However, I’ve found a place where I can still freely practice my small talk skills, and that’s at my business environment. My customers are mostly mothers (and their kids) and I enjoy opening casual conversations with them about motherhood ups and downs. Naturally I relate to their world as I am a mother to a toddler as well. Small talk is a way to create a personal bond. Small talk is often considered as superficial and trivial but it can work as a gateway to something more meaningful. I have found out that through authentic small talk I can win the trust and respect of my clients.
Being comfortable in uncertainty
New York City is a vibrant, stimulating place to live but it can cause a lot of stress and anxiety too. I was mostly a freelancer and had many jobs at the same time. I was never certain if my next pay would be secured. My private piano/voice students might suddenly cancel, other music classes might not sell well and the school would cut my work, the fire on subway tracks could prevent me from commuting and I would lose my shift, not to mention things like 9/11 or bed bugs evading my apartment. I experienced lots of unwanted “excitement” during my time in the city.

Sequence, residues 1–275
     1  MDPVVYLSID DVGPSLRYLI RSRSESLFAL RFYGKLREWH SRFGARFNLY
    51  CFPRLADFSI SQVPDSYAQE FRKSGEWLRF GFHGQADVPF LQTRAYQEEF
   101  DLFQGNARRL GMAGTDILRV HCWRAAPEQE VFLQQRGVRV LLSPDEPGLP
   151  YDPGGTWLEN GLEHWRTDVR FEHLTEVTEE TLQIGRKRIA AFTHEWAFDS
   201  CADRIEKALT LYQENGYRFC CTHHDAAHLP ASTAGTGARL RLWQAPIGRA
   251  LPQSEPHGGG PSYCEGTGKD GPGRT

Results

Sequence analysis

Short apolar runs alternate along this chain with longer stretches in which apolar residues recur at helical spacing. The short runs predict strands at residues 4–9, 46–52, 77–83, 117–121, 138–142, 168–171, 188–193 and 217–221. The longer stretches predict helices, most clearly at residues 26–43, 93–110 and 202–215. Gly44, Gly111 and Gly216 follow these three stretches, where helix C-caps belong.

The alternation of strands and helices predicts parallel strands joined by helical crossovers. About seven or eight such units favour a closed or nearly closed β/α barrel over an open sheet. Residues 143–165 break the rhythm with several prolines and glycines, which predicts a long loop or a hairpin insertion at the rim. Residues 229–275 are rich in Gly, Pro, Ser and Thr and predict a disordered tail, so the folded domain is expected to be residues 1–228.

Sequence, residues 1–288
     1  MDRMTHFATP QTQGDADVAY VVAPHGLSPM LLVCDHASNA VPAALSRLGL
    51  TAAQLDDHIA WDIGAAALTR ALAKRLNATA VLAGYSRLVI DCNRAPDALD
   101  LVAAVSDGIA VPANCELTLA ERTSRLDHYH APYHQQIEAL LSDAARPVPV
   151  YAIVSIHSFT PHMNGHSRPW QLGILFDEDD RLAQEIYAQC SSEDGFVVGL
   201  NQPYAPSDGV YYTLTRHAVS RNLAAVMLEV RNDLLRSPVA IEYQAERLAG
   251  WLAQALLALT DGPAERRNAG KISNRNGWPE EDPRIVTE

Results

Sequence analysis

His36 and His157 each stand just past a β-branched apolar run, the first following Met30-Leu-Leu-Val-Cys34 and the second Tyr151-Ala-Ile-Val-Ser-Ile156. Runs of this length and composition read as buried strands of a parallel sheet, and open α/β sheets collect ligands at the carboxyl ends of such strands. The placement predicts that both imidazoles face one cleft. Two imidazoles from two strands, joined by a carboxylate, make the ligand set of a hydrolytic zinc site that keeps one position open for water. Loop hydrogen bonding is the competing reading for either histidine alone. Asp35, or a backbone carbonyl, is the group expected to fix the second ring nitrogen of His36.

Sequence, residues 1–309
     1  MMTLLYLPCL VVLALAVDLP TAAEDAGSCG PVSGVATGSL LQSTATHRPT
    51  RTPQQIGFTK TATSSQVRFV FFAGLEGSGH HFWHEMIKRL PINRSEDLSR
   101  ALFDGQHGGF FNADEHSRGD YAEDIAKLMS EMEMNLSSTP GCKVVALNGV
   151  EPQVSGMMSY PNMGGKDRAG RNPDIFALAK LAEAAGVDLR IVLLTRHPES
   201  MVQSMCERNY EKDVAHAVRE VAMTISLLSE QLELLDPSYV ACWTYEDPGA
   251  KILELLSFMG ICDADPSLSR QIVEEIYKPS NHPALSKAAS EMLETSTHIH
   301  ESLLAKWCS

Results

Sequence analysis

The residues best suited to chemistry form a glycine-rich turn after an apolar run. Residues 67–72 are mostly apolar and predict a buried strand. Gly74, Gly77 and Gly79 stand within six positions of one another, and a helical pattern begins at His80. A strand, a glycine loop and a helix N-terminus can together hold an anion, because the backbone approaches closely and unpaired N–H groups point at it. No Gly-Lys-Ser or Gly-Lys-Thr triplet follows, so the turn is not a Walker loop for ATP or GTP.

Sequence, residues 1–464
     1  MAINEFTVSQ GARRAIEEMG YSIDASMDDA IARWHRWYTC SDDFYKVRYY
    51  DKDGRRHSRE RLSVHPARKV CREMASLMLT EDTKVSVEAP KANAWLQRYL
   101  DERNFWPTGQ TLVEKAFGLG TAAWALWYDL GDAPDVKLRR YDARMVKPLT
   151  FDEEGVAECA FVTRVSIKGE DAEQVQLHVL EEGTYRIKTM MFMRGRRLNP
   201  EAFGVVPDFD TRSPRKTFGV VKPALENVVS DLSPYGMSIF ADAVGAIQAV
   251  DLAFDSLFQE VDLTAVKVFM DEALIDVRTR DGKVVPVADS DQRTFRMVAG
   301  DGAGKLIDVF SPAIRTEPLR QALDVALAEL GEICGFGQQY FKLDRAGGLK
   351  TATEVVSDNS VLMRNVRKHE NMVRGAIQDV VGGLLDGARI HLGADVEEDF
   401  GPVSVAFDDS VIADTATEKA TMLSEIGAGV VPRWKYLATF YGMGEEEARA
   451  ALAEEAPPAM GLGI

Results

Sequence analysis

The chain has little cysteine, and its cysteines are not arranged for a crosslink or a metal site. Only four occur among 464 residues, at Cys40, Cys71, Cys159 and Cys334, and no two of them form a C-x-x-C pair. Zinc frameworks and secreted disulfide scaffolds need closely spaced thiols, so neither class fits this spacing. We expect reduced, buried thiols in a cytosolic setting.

At the same time it built my character. After hardships and obstacles I would always find my way out and up again – surely after some serious kicking, sobbing and raging first, but still. When I started the Funky Monkey Club in Finland I knew that taking a risk as a business owner would be tough but I would never feel equally consumed like I felt in my previous home country. I had learned to like the uncertainty and the risk because there was always a possibility for new opportunities. This approach has helped me with my entrepreneurship.
At first I had thought I would leave my mark in New York City, but seems like it was more the other way around: New York City left a mark in me. I would not have thrown myself into this roller-coaster of entrepreneurship if I hadn’t had the valuable lessons in positive feedback, individualism, small talk and dealing with uncertainty.
I hope I have left you inspired and/or contemplative about my version of New York spirit. Please, do share your thoughts in the comment field if your spirit moves you
Author: Paula Anttila
Paula Anttila is a singer, musician, music teacher and one of the founders of Funky Monkey Club, kids music class program for babies, toddlers and pre-schoolers. Paula lived and worked in New York City for 16 years. The last five years there she worked at a popular kids music program. The Funky Monkey Club’s music class concept draws inspiration from her NYC experience.
(The text has been published in English, because Paula’s event in April in Helsinki was held in English.)